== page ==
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Hasidim – shtiblekhminyonim (minyons)

By Yosef Lehman

(Translator's note: Some surnames and given names appear with inconsistent spellings within the Yizkor book, reflecting variations in the original Yiddish spellings. They have been transliterated as written.)

It is told about a Misnagid (adversary of Hasidism) that when his only son left him and became a Hasid, before his death, he called [the son] to his bed and requested of him a handshake agreement that the Kaddish he would say for him would not in any case be Hasidic and include “May He establish His kingship,” but [would be the Kaddish of a Misnagid]. The son gave him a handshake, but immediately at the first Kaddish at the fresh grave, he said, “May He establish His kingship, bring forth His redemption and hasten the coming of Meshiekh.” When he was asked, “How, right at the first Kaddish, did you transgress on the handshake and on your father's will?” he answered, “My father is already in the other world and he already knows the truth, that one must say, “May He establish His kingship.”

A similar story happened with Reb Lipman Litmanowicz, the oldest son-in-law of Tiferes Shlomoh, who gave his father-in-law his handshake and fervently promised that he would not travel to Kock any more. However, on a certain evening, he noisily knocked on the window and shouted, “Father-in-law, it is burning.” When the frightened Tiferes Shlomoh asked him, “Where?” Reb Lipman pointed with his finger to his heart saying, “A fire burns here in me; it draws me to Kock,” and he disappeared for many weeks with Reb Mendele Kotsker.

Although Reb Lipman Litmanowicz was so close to Tiferes Shlomoh, the light of his great father-in-law that drew thousands of Hasidim from all over the country was not enough. Together with a group of young men, among them Reb Fishel Wajs (Kotsker), Reb Hersz-Yosef Dayn, Reb Haim Szpira, Reb Pinhas Wolf Malamed, he created the first Kotsker shtibl in the city. In time, not including the large Rabbinic Dynasty which was found in Radomsk, there were dozens of Hasidic shtiblekh and minyonin, which celebrated Hasidism and traveled to learn the ways of other rabbis, which Poland and Galicia were so rich in.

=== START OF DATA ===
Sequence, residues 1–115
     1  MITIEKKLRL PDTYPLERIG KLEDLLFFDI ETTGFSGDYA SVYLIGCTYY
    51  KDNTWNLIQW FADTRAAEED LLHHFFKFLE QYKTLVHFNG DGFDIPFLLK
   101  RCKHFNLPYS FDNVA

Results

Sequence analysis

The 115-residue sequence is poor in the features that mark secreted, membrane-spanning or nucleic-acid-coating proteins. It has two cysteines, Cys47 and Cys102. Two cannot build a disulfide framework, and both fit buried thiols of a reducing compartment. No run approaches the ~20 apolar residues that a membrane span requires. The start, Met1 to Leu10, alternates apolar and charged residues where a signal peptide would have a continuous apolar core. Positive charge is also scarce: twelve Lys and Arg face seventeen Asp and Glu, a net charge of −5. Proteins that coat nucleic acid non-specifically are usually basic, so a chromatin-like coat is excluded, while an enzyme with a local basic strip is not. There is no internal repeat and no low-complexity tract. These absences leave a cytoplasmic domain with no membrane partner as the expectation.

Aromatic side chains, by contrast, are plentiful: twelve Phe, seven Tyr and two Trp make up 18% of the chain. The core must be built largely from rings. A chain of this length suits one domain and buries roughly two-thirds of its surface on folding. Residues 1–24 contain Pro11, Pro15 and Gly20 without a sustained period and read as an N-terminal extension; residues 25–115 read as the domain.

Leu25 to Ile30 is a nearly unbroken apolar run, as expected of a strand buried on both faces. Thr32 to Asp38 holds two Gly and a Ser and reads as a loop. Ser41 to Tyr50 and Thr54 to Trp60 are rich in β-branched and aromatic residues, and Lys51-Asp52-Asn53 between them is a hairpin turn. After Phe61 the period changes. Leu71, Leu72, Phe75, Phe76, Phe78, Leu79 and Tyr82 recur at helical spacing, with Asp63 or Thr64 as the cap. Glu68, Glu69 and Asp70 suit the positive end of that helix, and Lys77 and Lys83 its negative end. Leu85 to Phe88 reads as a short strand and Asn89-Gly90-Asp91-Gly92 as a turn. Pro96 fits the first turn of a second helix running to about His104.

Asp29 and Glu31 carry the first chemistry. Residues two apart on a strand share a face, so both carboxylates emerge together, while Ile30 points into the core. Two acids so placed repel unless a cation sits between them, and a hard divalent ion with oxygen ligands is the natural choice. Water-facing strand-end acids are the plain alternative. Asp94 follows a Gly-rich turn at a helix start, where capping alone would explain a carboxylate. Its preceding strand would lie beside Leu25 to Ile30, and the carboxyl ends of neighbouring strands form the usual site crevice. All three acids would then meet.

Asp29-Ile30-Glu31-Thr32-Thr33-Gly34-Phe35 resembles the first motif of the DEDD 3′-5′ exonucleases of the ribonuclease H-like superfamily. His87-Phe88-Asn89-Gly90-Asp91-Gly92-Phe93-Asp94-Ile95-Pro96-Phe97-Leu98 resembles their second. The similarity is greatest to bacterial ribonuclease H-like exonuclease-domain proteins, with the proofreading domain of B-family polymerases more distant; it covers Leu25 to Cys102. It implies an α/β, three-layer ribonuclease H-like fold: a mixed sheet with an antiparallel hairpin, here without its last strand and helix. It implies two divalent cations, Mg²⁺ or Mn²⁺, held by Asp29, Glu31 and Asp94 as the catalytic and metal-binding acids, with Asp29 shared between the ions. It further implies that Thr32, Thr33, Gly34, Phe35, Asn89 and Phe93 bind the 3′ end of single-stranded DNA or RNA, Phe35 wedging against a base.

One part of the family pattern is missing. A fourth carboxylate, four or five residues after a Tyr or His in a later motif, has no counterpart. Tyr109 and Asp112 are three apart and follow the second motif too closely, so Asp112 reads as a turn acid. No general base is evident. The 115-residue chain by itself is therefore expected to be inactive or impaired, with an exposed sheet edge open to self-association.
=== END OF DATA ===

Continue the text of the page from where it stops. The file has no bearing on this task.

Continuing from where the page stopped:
The sequel to Kock was Ger. The Gerer shtibl excelled among the Hasidic shtiblekh in both its quantity and in its quality. Until the First World War, it was located in a small room in the courtyard where Aron Wolf Szwarc had his soda-water factory. Later it moved to a larger apartment on Market 2, in Yosel Najkron's house. More than twelve minyonin of Jews davened there, including distinguished scholars and Hasidim. This shtibl was seldom closed, except for several hours at night. From dawn until late in the night, the voice of Torah was heard there.

Young men, kest-yingeleit (young grooms whose expenses were paid by their fathers-in-law) and ordinary Hasidic Jews who took the opportunity to come to the shtibl in order to study the day's page or to quickly look into a sefer while their wives represented them in the store studied in the shtibl.

The most distinguished among the Radomsker Gerer Hasidim were Reb Mendel Litmanowicz and Reb Yitzhak Meir Eibeszic. These two old scholarly sages with their learning, Hasidism, and lineage threw light not only on the Gerer Hasidim, but because of them all of the Hasidim in the city were elevated. And even if one met a young Hasid who, because of envy, would disparage the Gerer, it never applied to the above-mentioned two great Hasidic authorities. In essence, however, they were different types and characters.